Independent behavioral professionals and other behavioral professionals may hold more than one license. Psychologists included those who held a license to practice psychology and were actively practicing psychology. Independent mental health practitioners included those who were licensed and actively practicing as an independent mental health practitioner. Mental health practitioners included those who were licensed and actively practicing as a mental health practitioner. Addiction counselors consisted of licensed and actively practicing alcohol and drug counselors and/or certified compulsive gambling counselors.

Other secondary databases used to obtain county-level population and demographic characteristics for Nebraska included the US Census Bureau’s 2012 Population Estimates, the 2012 American Community Survey, and the 2011 Small Area Income and Poverty Estimates data.



Figure 2:  Behavioral health professionals included in the study.

Data analysis

The unit of analysis was the county. The geographic (ie metropolitan/rural/frontier) distribution of each group of behavioral health professionals was examined using descriptive statistics. Multivariate Poisson regression analyses, with the log of the county population size, were used to examine the relationship between the supply of behavioral health professionals and county-level characteristics (including whether or not in a metropolitan statistical area), behavioral health planning region, percentage of individuals in poverty, percentage of individuals aged ≥65 years, and percentage of individuals <18 years). The supply of behavioral health professionals was measured as a count variable. Poisson regression analyses estimated the scale parameter by the square root of deviance divided by the degrees of freedom to allow for over-dispersion. A sensitivity analysis was conducted using median household income to measure levels of poverty; however, the results did not change. All data were analyzed using SAS software v9.2 (SAS Institute Inc.; http://www.sas.com).

Ethics approval

The study received approval from the University of Nebraska Medical Center Institutional Review Board.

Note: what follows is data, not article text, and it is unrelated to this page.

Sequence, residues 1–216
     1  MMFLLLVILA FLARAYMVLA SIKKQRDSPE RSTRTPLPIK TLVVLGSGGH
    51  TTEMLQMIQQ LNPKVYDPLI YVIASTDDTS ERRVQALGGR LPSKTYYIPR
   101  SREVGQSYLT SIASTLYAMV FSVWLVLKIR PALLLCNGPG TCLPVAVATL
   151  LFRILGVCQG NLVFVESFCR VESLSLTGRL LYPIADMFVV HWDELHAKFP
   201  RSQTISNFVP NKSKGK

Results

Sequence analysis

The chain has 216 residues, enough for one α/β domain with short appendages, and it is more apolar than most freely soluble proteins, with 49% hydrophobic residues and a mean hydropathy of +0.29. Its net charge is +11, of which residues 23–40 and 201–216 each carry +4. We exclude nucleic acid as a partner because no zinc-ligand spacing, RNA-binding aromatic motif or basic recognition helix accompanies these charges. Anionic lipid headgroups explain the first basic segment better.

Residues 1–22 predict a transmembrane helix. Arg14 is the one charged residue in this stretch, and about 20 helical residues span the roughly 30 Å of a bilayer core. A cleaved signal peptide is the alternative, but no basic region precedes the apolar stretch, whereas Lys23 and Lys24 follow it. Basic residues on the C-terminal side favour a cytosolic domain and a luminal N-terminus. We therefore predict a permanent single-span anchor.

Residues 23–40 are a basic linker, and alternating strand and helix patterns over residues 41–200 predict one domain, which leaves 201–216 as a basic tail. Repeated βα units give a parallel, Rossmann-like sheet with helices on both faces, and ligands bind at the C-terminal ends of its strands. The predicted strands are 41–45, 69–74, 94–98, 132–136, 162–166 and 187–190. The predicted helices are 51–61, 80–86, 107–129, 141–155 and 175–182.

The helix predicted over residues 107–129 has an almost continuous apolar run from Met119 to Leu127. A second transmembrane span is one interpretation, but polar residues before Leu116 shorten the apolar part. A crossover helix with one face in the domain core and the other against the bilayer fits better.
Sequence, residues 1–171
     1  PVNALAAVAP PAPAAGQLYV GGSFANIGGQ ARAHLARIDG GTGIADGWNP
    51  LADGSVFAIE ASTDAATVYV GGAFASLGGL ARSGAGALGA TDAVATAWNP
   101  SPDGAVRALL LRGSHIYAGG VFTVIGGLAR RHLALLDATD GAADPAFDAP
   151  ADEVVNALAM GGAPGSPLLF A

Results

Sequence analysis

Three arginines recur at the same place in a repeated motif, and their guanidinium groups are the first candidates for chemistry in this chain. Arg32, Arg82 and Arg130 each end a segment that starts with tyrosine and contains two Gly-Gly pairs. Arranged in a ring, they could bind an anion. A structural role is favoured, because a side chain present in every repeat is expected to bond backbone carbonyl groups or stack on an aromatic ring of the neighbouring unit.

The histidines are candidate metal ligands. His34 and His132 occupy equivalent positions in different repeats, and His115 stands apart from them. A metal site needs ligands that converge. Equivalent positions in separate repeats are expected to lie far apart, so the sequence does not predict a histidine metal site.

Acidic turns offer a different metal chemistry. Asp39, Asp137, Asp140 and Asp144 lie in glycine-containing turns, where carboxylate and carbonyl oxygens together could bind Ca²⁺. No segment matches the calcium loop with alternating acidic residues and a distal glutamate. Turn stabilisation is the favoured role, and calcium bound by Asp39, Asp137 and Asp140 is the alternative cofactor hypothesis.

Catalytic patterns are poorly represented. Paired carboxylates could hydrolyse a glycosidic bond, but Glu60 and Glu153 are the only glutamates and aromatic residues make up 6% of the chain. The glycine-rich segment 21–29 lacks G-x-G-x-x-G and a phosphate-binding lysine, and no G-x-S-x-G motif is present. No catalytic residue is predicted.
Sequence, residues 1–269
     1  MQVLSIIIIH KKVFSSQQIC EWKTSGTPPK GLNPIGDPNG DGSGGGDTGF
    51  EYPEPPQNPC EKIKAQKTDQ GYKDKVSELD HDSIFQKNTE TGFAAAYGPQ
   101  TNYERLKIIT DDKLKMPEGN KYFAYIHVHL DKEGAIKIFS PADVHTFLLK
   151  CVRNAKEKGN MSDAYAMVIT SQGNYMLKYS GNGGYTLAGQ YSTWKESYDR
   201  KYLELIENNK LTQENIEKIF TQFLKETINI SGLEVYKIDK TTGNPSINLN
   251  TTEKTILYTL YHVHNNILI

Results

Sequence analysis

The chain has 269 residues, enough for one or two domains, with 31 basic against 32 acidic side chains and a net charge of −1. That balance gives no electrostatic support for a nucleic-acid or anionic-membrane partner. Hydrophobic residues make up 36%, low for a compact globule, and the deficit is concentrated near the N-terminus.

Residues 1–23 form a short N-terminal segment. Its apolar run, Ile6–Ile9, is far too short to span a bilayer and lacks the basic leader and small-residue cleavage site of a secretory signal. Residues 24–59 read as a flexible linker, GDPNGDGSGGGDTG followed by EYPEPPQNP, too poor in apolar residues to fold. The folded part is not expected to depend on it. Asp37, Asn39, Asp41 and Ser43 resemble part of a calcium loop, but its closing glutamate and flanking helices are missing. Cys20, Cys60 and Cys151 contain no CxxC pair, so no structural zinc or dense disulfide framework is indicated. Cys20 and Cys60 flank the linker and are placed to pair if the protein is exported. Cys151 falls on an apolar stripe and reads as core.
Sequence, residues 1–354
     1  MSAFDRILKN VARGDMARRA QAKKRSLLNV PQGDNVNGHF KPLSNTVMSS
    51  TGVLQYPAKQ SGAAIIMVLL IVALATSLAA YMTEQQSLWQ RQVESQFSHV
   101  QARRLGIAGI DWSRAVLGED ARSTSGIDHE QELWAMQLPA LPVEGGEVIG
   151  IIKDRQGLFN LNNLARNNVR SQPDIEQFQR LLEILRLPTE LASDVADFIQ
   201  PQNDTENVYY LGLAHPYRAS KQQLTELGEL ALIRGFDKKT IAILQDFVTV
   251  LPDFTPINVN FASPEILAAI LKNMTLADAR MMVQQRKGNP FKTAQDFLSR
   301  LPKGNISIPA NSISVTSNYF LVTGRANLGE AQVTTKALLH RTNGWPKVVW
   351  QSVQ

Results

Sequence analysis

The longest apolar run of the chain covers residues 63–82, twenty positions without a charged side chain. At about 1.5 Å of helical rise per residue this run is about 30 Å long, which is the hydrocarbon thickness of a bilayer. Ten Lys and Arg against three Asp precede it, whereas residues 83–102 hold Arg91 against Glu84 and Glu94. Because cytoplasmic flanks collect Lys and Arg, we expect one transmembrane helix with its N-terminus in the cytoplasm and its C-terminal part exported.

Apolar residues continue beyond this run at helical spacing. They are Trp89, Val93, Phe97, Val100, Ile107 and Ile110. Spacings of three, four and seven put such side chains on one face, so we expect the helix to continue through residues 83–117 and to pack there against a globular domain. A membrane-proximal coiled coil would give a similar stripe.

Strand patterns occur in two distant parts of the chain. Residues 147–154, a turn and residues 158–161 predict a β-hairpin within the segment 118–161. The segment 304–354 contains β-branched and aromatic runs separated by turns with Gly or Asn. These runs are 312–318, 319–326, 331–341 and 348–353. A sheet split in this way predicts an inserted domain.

Results

Table 1 shows the supply of behavioral health professionals by geographic location and profession. In 2012, there were 2468 behavioral health professionals actively practicing in Nebraska. A total of 243 (9.8% of the total behavioral health professionals) were categorized as psychiatric prescribers, 1038 (42.1%) as independent behavioral health professionals, and 1187 (48.1%) as mental health practitioners or addiction counselors. The overall ratio of actively practicing psychiatrists to 100 000 population was estimated to be 8.4 in 2012, which indicates that the supply is greater than the federal mental HPSA shortage designation ratio of 3.3 psychiatrists to 100 000 population15.

The majority (71.2%) of behavioral professionals in Nebraska were actively practicing in metropolitan areas as compared to 27.3% in rural areas and 1.5% in frontier areas. In metropolitan areas, there were 159.7 behavioral health professionals per 100 000 population (Table 1). Of the total actively practicing behavioral professionals in metropolitan areas, there were 181 (10.3%) psychiatric prescribers, 263 (15.0%) psychologists, 493 (28.0%) licensed independent mental health practitioners, 725 (41.2%) licensed mental health practitioners, and 96 (5.5%) addiction counselors. The overall ratio of actively practicing psychiatrists to 100 000 population in Nebraska’s metropolitan areas was 11.7, which was greater than the federal mental HPSA shortage designation ratio15 (Table 1). The ratio of actively practicing psychologists to 100 000 population in metropolitan areas was 23.9 in 2012, which was greater than the average national supply of 1.9 psychologists per 100 000 population in metropolitan areas in 200611.

In rural and frontier areas, there were 94.0 behavioral health professionals per 100 000 population (Table 1). Of the total actively practicing behavioral health professionals in rural and frontier areas, 62 (8.7%) were psychiatric prescribers, 72 (10.1%) psychologists, 210 (29.6%) licensed independent mental health practitioners, 306 (43.1%) licensed mental health practitioners, and 60 (8.5%) addiction counselors. The overall ratio of actively practicing psychiatrists to 100 000 population in Nebraska’s rural areas was 3.8, and that for frontier counties was 2.2 (Table 1). The supply of psychiatrists in Nebraska’s frontier areas was less than the federal mental HPSA shortage designation ratio15.

For all categories of professions, except physician assistants actively practicing psychiatric mental health, Nebraska’s metropolitan areas had the highest ratio of provider to 100 000 population as compared to rural and frontier areas. Rural areas had a slightly higher ratio of 0.9 physician assistants to 100 000 population as compared to 0.5 physician assistants to 100 000 population in metropolitan areas (Table 1).